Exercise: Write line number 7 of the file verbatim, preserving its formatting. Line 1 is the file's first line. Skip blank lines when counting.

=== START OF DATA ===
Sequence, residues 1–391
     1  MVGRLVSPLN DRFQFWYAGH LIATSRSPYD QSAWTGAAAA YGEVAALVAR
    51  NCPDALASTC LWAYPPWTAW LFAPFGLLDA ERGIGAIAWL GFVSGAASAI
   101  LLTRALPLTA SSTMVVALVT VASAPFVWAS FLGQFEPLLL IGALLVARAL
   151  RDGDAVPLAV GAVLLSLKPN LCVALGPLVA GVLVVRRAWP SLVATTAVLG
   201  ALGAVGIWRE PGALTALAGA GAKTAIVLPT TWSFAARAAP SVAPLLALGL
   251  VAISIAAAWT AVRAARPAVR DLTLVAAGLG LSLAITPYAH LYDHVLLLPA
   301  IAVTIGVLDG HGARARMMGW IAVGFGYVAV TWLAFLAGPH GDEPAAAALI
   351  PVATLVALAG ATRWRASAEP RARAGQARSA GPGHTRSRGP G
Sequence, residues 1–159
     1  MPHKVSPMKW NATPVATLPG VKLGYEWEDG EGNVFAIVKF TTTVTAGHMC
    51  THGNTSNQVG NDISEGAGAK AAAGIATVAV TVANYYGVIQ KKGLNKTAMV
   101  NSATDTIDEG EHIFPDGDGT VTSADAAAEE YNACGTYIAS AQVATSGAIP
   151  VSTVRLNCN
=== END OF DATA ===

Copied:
   251  VAISIAAAWT AVRAARPAVR DLTLVAAGLG LSLAITPYAH LYDHVLLLPA